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Microsoft's Latest Script: Improve PHP on Windows

Microsoft and Zend expect to extend the technical collaboration to the next version of Windows Server, code-named "Longhorn."

Microsoft is taking action to improve the performance of PHP-based applications running on Windows Server 2003. Redmond is collaborating with Zend Technologies Ltd., the Cupertino, Calif.-based provider of products and services for the open source PHP scripting language, to provide developers with richer functionality and better integration of PHP on Windows.

Zend is a leading contributor to the development of the core PHP language. The company's founders, Andi Gutmans and Zeev Suraski, are the designers of the Zend Engine (the name is a blend of "Zeev" and "Andi"), on which all PHP sites and applications are now run.

Microsoft and Zend expect to extend the technical collaboration to the next version of Windows Server, code-named "Longhorn." They also plan to contribute any enhancements resulting from the collaboration to the PHP community under the open source PHP license.

The two companies made the announcement during the opening keynote presentations at the Zend/PHP Conference & Expo last month. Gutmans, who is also Zend's vice president of technology, told attendees that his company plans to incorporate any technology improvements generated by the collaboration into the Zend Core product line in the first quarter of 2007. A technology preview of an updated Windows version of Zend Core (PHP 5.2.0 distribution) is available now.

Bill Hilf, general manager of Microsoft's technical platform strategy group, was on hand at the conference for the announcement.

"We certainly are very aware of PHP, and have been for a long time," Hilf told conference attendees. "And we've always seen the same problem: Lots of people developing on PHP, but running into problems when they tried to deploy PHP to Windows. We finally said, let's fix some of the fundamental performance and reliability issues, so that when people want to deploy to Windows it isn't such a challenge."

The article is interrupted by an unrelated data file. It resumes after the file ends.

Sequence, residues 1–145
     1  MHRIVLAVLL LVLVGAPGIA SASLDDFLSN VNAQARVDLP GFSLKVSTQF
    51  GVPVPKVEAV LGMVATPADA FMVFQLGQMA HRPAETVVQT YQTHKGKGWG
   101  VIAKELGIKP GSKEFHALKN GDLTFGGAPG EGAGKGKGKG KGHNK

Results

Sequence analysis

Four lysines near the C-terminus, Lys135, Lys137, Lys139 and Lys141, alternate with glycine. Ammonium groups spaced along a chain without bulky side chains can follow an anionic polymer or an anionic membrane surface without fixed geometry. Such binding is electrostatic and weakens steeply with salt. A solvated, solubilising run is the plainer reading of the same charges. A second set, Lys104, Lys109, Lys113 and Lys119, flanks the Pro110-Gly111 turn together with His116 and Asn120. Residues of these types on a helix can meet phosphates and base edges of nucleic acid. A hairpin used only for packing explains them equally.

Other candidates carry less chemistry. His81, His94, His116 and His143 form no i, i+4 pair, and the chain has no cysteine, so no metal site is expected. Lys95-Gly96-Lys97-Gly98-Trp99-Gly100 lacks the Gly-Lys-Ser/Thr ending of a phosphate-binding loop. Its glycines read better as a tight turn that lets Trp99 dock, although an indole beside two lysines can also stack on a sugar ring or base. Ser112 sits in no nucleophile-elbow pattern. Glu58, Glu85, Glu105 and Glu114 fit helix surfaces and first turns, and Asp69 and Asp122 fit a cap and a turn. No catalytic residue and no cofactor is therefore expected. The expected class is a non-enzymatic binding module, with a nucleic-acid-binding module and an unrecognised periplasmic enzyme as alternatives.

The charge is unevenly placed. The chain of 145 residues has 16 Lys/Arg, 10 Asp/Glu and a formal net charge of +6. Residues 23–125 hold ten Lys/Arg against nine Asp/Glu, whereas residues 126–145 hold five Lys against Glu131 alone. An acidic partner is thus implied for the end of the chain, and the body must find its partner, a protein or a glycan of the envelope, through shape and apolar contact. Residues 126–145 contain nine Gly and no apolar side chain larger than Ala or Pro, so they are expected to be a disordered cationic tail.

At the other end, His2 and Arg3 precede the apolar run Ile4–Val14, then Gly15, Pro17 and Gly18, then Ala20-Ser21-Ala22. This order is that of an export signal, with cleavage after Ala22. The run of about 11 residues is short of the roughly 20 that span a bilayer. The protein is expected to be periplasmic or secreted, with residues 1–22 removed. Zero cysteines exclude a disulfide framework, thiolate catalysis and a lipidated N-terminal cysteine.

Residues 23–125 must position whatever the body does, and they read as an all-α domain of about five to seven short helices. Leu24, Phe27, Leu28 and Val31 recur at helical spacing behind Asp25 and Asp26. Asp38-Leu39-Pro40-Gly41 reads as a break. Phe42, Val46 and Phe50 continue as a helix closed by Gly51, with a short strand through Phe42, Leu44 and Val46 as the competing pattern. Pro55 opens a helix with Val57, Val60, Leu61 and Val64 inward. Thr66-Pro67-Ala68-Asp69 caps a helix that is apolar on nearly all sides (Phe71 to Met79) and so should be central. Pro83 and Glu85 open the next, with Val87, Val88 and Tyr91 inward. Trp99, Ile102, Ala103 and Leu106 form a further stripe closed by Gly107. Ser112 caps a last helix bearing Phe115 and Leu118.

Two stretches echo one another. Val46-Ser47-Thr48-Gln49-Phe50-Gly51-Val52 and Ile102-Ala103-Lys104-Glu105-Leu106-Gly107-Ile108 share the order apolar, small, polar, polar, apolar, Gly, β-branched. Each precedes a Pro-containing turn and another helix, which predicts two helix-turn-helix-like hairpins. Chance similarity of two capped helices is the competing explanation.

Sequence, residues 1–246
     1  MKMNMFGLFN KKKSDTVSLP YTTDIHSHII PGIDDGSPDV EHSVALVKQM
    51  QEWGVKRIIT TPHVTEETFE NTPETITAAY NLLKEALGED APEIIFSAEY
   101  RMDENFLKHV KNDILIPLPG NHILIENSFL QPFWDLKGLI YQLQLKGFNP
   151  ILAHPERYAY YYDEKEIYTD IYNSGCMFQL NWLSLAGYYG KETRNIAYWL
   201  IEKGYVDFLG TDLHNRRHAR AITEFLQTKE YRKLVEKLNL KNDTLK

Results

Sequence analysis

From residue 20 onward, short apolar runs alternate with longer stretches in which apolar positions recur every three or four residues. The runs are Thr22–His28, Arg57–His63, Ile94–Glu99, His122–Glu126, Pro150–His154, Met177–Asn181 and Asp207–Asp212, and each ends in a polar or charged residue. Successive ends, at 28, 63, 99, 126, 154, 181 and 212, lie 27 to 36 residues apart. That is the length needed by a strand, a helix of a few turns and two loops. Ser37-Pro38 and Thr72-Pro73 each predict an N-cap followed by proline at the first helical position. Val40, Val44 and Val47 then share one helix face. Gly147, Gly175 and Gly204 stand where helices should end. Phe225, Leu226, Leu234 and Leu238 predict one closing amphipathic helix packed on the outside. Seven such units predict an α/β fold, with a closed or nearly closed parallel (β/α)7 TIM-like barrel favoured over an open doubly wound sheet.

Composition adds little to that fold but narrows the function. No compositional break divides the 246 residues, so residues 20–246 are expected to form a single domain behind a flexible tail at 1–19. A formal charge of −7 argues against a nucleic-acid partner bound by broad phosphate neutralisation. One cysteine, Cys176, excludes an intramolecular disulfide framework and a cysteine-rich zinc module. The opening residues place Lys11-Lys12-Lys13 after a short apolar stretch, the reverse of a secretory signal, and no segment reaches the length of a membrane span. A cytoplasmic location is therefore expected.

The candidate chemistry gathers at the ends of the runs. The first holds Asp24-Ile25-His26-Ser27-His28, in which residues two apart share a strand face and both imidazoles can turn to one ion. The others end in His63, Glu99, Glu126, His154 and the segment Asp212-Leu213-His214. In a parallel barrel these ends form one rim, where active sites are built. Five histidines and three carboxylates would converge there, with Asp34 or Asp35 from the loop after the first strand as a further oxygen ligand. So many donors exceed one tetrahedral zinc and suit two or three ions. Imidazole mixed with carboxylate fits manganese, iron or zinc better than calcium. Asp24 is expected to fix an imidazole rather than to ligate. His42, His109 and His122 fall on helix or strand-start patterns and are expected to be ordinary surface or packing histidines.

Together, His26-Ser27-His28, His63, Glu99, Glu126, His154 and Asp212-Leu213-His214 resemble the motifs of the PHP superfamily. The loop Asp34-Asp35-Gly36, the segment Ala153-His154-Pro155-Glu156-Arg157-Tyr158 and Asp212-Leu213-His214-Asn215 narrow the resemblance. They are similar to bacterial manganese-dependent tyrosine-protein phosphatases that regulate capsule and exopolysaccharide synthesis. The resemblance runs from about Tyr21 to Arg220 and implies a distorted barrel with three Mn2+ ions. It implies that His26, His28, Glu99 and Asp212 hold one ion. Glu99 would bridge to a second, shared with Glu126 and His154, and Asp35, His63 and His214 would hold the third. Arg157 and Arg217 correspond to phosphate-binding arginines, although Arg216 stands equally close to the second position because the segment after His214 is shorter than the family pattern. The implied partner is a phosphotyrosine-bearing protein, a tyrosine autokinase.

The collaboration actually started seven months ago, Hilf said. He and Bill Staples, from Microsoft's IIS team, demoed one early result of that collaboration: a FastCGI component that acts as an interface between IIS and PHP.

FastCGI is a variation on the earlier Common Gateway Interface (CGI). Microsoft IIS (Internet Information Services) is one of the most widely used Web servers, second only to the Apache server in numbers of Web sites, according to Internet monitoring company Netcraft. The FastCGI PHP component is available as a free download at www.iis.net/default.aspx?tabid=1000051.

Hilf was asked about the open source community's perception of Microsoft's growing involvement in open source software, given the company's history of dismissing and disparaging it over the years. "It's a question that comes up a lot," Hilf admitted. "I often call it the gum stuck on the bottom of my shoe ... What I say is, judge us by our actions, not our words. Judge us by what we produce and the things we do. That's the only way that we will gain credibility in the open source community."

He added that the overall commercialization trend around open source has "helped that conversation to be less emotional." It's impossible, he said, even to talk with someone who believes that all software should be free and that "Microsoft's existence is a blight on the world."

Gutmans said that people should remember there is no single, monolithic open source community. "I don't think there's an open source community," he said. "There are different streams. Parts of the community tend to be very pragmatic [and] to focus on building things like commercial Web sites. There are other parts of this community that are maybe more idealistic about what they're doing. In the PHP community, I think Microsoft will be very well received, because there are a lot of PHP developers actually using Windows."

About the Author

Mary Jo Foley is editor of the ZDNet "All About Microsoft" blog and has been covering Microsoft for about two decades. She's the author of "Microsoft 2.0" (John Wiley & Sons, 2008), which examines what's next for Microsoft in the post-Gates era.

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